Why silver isn’t in a long term bear market.

You’ve probably heard about all the hype about falling silver prices. Just a few weeks ago, the people were screaming of a bubble in silver. And they nailed it dead on. Now silver prices are back down to $34.95 per ounce, and it seems like silver is dead. Except it’s not. I believe that the silver bull market is not over, so here’s why. Let’s start off by looking at it from a fundamental point of view.

Silver’s demand is still there, and possibly rising. We’ve recently seen the U.S. hit its’ debt ceiling, and now the American government is depending on pension money to function. Not that the government will default of course, but this debt problem is really making investors worried about the bond market. With interests rates at such low levels, no one really wants to buy bonds. The housing market is stuttering (if not double-dipping), and stocks are ok (but not back to pre-2007 levels). So that leaves one market left: commodities. The commodities market that investors are most likely to pile into are gold and silver (sentimental value).

China holds trillions of dollars of American debt. What they want to do right now is divert their surplus away from buying American bonds towards buying gold and silver. This is the only logical solution. The Chinese government won’t be buying other currencies, because currently there is no currency that seems stable in the long run (problematic euro, screwed-up yen). So the demand for buying gold and silver from China will be enormous. As a Chinese man myself, I recently learned that the Chinese government is urging it’s citizens to buy gold and silver. Now that’s real demand that’s going to last for years. The Chinese have trillions of dollars to exchange for gold and silver, and they’re not going to accomplish that overnight (that would drive up gold and silver prices too fast, which is expensive for the Chinese). There will be a few years of steady demand from China for silver.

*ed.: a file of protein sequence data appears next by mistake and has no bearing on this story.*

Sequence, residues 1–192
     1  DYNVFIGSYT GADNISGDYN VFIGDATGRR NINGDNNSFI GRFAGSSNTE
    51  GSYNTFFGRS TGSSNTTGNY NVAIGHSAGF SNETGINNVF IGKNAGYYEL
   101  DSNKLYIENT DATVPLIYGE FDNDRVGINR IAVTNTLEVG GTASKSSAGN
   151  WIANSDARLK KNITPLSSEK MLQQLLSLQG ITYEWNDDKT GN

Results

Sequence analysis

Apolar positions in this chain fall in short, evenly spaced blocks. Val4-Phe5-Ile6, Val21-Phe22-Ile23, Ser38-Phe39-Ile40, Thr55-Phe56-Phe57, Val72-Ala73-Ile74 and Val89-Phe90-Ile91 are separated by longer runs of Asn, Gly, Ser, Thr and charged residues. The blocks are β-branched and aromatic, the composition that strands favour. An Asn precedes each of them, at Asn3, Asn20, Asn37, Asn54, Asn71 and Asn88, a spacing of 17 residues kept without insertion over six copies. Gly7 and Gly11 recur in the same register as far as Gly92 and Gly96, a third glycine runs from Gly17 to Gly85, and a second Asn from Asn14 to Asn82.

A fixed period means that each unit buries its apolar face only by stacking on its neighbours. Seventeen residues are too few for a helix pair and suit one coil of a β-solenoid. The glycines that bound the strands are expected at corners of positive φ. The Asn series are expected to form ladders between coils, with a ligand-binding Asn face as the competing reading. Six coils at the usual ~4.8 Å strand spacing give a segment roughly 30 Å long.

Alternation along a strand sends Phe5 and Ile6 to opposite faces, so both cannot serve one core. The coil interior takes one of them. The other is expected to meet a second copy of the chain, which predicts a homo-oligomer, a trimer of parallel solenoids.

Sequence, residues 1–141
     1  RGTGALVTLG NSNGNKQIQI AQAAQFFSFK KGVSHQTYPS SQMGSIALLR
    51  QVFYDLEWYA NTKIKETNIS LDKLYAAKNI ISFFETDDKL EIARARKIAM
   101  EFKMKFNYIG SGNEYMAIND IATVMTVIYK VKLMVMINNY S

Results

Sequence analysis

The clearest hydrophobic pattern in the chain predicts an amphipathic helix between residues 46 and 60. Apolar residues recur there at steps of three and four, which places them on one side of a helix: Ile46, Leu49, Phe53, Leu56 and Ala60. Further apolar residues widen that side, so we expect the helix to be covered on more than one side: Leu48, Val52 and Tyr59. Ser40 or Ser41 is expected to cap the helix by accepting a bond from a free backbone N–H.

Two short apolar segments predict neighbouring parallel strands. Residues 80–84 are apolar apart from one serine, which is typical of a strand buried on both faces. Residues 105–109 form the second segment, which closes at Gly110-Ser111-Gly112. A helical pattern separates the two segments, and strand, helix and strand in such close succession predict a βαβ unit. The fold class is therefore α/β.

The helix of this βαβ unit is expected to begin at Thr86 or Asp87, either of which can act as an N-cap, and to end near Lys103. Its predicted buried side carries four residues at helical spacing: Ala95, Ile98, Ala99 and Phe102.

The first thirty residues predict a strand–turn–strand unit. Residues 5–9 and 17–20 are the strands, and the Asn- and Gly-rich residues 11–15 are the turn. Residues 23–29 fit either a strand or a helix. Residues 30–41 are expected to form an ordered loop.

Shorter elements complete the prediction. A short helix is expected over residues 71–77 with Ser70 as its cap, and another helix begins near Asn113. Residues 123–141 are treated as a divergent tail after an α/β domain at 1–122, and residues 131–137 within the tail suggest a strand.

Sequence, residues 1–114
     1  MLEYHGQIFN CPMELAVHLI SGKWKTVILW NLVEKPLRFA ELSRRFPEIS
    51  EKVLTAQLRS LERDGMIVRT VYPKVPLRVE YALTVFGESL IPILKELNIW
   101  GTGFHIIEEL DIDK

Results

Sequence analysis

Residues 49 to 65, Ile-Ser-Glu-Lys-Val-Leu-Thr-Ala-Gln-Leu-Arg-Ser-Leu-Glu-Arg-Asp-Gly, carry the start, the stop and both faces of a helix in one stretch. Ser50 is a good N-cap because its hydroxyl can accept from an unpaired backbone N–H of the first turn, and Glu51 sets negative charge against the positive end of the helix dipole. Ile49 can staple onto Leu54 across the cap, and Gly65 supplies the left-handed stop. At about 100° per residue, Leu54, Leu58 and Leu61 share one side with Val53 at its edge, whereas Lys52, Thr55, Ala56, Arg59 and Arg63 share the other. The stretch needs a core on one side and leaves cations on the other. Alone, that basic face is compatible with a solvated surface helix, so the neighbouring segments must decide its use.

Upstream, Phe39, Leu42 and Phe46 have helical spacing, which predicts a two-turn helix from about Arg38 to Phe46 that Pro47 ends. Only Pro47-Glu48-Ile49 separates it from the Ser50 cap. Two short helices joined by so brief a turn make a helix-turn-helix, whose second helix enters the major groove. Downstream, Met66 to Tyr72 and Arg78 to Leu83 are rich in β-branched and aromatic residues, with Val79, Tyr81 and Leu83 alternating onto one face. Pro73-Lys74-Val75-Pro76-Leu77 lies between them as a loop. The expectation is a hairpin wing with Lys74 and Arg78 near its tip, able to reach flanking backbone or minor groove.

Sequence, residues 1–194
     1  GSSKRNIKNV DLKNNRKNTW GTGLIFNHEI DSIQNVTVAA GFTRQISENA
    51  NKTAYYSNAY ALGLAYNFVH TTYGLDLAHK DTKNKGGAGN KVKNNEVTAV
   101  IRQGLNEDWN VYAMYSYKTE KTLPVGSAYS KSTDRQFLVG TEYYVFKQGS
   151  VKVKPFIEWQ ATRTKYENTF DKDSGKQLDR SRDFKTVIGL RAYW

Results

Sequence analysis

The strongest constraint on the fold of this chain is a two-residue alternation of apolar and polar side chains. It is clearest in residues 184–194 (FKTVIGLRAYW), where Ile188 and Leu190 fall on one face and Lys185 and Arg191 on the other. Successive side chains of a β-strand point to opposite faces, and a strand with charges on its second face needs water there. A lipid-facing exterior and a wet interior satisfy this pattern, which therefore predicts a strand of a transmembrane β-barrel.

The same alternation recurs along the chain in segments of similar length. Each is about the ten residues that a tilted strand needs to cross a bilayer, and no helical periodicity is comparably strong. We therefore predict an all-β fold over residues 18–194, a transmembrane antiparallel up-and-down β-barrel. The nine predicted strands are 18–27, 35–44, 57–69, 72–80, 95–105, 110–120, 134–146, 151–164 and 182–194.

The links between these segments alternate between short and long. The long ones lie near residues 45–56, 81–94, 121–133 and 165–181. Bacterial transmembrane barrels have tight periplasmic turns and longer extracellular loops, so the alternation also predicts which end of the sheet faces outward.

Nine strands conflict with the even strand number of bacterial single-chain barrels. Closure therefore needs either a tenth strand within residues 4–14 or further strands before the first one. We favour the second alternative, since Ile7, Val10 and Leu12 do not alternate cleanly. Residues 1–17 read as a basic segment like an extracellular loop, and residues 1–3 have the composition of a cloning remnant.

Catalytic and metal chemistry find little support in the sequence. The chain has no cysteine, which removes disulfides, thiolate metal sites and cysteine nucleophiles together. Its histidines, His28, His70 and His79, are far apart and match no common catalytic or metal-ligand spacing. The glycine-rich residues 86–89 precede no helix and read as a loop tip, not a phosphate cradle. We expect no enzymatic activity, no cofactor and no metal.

I’m not going to talk about the supply side of silver, because those numbers can be randomly made up, and there really is no way to actually quantify the real supply of silver in this world.

Another huge force in the silver markets are the traders; the people who depend on technical signals. These traders know that the silver bull market is not over, so that means silver prices will once again break the $50 per ounce barrier (all true bull markets surpass old heights). During the past few days, the silver market has gone sideways. However, volume is still huge, but slowly decreasing. What does this imply. I think it means that the traders are unsure of where to go. As I said, volume is huge, but slowly decreasing. But all this time, prices have gone sideways. This means that at first, a huge number of investors were selling, and a huge number (equal) were buying. Now, the market is settling down to see which way prices are going.

I believe this will be a classic “resistance – support” scenario. If prices break the resistance, which for SLV seems to be $32.50, then prices have further down to go. If it breaks on the upside, which I believe is $39, then it has further up to go. But beware of traders’ remorse. So now, it’s best to wait and see where the market wants to go. Go with the flow, as my grandpa used to say.

One thought on “Why silver isn’t in a long term bear market.”

  1. Wonderful blog! I found it while searching on Yahoo News. Do you have any tips on how to get listed in Yahoo News? I’ve been trying for a while but I never seem to get there! Cheers

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